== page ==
One in The Times Higher Education; the other in the Arizona Journal of Hispanic Cultural Studies (requires subscription). The second is a wide-ranging piece with a lot of interesting points that go far beyond the specialist field the journal serves. I certainly support the claim that an editorial vision for a journal is important and that editors are not just neutral functionaries. The first piece, from a philosopher, raises a number of flaws in the existing system, particularly focusing on the risk of ‘cartels’ supporting their own work, and preventing paradigm-challenging work getting through. It ends with a suggestion:
And if public funding really is to be determined by the decisions of the journals, let us make them transparent. Let us see with each published paper a date of submission, date of acceptance and names of the referees. Let authors know in advance the average decision time. Let us know if asked to revise and resubmit whether it will go back to the same referees or to different ones.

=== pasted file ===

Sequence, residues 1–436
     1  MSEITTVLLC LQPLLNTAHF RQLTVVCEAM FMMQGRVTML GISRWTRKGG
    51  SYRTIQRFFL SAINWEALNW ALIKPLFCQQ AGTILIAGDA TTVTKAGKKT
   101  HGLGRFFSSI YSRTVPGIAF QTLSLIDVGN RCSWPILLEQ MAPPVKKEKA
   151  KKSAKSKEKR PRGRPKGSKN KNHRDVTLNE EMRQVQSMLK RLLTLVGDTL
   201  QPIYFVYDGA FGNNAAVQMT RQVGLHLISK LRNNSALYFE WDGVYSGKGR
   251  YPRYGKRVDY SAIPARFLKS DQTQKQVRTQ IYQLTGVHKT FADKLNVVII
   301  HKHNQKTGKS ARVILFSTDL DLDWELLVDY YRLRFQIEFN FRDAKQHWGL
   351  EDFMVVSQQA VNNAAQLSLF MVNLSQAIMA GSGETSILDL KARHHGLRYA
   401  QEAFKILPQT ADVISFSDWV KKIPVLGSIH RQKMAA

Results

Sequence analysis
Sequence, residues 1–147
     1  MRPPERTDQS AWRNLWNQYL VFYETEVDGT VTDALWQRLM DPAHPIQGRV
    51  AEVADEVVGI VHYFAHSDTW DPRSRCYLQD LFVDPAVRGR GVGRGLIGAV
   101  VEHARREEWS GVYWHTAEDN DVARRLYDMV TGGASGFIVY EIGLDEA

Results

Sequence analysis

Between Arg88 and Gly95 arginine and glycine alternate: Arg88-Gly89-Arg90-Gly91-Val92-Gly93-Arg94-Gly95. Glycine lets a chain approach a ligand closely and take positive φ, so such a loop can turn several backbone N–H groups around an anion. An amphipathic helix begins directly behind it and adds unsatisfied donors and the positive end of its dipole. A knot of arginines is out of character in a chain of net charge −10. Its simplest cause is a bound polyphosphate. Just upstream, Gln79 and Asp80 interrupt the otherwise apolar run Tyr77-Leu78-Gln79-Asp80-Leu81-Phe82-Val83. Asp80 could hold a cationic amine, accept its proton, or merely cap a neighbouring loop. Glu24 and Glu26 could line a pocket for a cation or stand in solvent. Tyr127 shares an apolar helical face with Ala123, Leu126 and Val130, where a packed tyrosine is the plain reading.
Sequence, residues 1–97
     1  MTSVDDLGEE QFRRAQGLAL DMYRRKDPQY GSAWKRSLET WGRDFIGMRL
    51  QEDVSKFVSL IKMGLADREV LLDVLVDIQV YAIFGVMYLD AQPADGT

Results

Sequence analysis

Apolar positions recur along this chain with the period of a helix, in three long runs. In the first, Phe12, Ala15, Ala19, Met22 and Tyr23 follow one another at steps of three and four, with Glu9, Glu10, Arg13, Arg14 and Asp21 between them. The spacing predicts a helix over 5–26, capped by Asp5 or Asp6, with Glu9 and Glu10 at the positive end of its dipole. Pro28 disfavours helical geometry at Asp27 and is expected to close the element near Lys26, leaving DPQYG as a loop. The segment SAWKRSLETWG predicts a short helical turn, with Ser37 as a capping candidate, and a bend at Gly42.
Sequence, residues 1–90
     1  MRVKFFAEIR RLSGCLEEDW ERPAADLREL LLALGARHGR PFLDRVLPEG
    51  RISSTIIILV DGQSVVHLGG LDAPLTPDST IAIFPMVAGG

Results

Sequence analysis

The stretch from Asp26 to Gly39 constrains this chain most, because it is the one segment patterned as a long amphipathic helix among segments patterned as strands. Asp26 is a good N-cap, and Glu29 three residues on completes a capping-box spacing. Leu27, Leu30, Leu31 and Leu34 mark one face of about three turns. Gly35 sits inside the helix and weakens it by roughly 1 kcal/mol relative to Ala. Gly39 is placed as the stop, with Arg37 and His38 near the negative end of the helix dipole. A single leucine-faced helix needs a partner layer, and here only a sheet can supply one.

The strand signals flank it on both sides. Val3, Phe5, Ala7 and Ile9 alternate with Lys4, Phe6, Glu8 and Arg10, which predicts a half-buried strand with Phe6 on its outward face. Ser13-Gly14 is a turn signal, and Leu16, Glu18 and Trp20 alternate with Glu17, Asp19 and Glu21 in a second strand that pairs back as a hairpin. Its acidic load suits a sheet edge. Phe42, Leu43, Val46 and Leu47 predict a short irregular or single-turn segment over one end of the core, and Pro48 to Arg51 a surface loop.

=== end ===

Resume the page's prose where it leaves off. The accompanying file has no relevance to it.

All of these are done with Society and Space, with the exception of publishing referee names. (Average decision time is difficult to estimate, but I’ll give as much of an indication as I can to any author who asks.) I’m not sure about publishing referee names. How would referees react if they knew that their names would be published, and that they would be in some sense be held accountable for the quality of papers published. A paper that gets published is generally, but not always, supported by all referees – to make this a condition means you end up giving each referee a veto on a paper. All editors know that referees rarely agree with each other entirely. So publishing names would allow authors to work out who all their referees were, and identify a potentially critical referee. The difficulty of getting referees to do reports, promptly and professionally, means I am wary of anything that makes people less willing to do it. Referees are already publicly thanked in the end of year referee list, so publishing names next to papers would do nothing additional to recognise their work.